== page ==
I'm just home from my visit today to Westwood High School Senior Campus in Hudson, a beautiful town about a forty-minute drive from downtown Montreal.
I worked with three English classes, all taught by the charming and kind Mr. Roy. It's funny how every single class has its own character. I think that's one of the reasons why, after more than 30 years in the classroom, I'm still hooked on working with teenagers! I never know what to expect and that keeps life interesting!
Here are a few highlights from today's visit. If you are a regular reader of this blog, you will know that I am hooked on interesting observations. Well, today I noticed a student named Daniel trying to melt his eraser on the radiator near his desk. I must admit that even after so many years in the classroom, that was a new one for me! Later, I noticed that a particularly bright student (I learned his name was Matt) happened to be wearing a Harvard sweatshirt. A propos, perhaps?
A student named Lilly told me that today was her 16th birthday! (That's Lilly with me in today's pic -- we are upside-down at the moment, but I'll fix that later!) Happy birthday, Lilly! She also told me she has read my novel What World Is Left FIVE TIMES! Yay, Lilly! Lilly told me she sometimes feels discouraged when she is writing. She said, "I like writing, bu when I write, I feel like I do a very bad job." That made me laugh because ... well... I often feel that way myself! I explained to Lilly that in my experience, people who are really super confident about their writing tend not to be the best writers!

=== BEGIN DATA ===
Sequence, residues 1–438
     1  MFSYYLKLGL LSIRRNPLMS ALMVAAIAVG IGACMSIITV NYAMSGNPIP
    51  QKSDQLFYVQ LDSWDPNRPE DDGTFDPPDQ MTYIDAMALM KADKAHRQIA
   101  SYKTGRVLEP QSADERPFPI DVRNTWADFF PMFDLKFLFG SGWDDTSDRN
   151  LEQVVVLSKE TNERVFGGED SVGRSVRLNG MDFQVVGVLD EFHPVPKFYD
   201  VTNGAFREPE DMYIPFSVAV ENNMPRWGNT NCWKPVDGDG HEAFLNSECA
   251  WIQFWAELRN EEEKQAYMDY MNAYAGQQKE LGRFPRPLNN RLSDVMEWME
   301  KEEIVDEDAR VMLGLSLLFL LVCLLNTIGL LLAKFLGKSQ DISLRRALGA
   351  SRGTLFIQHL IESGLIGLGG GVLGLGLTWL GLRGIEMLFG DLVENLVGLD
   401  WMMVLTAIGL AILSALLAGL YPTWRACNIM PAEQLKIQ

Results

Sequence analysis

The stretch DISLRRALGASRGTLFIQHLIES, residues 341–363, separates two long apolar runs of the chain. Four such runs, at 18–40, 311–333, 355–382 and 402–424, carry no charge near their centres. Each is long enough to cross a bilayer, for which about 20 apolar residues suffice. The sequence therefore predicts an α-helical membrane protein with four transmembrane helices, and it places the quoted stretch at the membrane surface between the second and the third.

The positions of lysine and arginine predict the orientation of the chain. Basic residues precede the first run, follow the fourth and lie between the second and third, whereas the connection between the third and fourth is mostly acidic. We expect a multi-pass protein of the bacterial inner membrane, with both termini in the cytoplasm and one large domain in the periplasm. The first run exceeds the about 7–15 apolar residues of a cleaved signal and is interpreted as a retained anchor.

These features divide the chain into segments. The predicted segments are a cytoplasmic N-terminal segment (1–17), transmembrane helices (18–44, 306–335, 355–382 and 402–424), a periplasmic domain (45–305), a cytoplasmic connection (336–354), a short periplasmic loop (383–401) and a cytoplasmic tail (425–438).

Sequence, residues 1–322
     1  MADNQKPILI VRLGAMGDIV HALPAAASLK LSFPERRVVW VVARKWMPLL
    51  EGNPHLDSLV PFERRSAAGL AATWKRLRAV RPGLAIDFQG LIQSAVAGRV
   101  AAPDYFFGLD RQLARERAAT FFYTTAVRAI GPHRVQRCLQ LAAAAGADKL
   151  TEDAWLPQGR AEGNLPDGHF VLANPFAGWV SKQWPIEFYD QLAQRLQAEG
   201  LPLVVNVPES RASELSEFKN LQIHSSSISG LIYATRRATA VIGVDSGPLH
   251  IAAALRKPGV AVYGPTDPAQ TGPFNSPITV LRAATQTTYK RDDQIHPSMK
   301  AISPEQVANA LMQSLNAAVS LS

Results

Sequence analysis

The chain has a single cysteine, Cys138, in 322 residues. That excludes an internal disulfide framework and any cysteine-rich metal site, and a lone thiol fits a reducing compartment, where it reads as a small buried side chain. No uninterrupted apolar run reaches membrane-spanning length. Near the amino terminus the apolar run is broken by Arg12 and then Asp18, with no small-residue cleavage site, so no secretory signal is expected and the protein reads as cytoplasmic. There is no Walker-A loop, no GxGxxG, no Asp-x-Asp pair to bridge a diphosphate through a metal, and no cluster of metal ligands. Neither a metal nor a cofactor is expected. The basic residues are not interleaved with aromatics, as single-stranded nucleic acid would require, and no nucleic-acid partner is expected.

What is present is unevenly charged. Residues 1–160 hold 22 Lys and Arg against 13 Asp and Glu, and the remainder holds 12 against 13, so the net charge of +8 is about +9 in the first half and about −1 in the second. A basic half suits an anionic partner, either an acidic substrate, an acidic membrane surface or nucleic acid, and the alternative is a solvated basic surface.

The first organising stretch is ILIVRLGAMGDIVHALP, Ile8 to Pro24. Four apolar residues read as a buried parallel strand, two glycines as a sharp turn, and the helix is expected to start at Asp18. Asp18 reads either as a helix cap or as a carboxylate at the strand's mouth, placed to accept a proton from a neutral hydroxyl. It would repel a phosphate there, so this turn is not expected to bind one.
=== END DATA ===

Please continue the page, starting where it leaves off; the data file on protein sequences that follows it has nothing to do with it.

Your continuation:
I did a writing exercise with every group. Here's an excerpt from one of the best pieces that came out of the exercise. A student named Kate was remembering back to when her parents announced they were getting a divorce. Kate wrote: "I couldn't smell anything because I had a runny nose from crying." When I read that line I felt like I was in the room with Kate and her family. That's a sure sign of writing that works.
And ... one final moment that made me happy. We were talking about interviewing and I asked the students in my first class of the day, "What quality does a reporter or researcher have to demonstrate in order to get a really good interview or story?" I gave the students the hint that the answer was a verb, that it started with C and had four letters. Well, a student named Tristan came up with the answer: "Care!" he called out.
So that's my word for the day: care. If you care about stories; if you care about writing and reading -- you're on the way to becoming a writer. Thanks to Mr. Roy for inviting me to Westwood Senior, and to librarian Ute Wilkinson for arranging today's visit. And thanks to the students for being so much fun!
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Thank you so much for coming today, it was a pleasure to have you! Also, thank you so much for the Birthday wish and for taking the time out of your schedule to visit us. It was really great to be able to speak with you during lunch, you have a great soul!
thank you for coming to Westwood. Here is a link to Westwood's blog, complete with a picture of you with the students in the library:
Hi Lilly and Ute -- thanks for those comments. Lilly, I enjoyed your company and the company of your friends at lunch! Ute, thanks for passing on the Westwood blog. Whoever gave you the info about my session did a great job with the summary. I always enjoy being at your school. best from Monique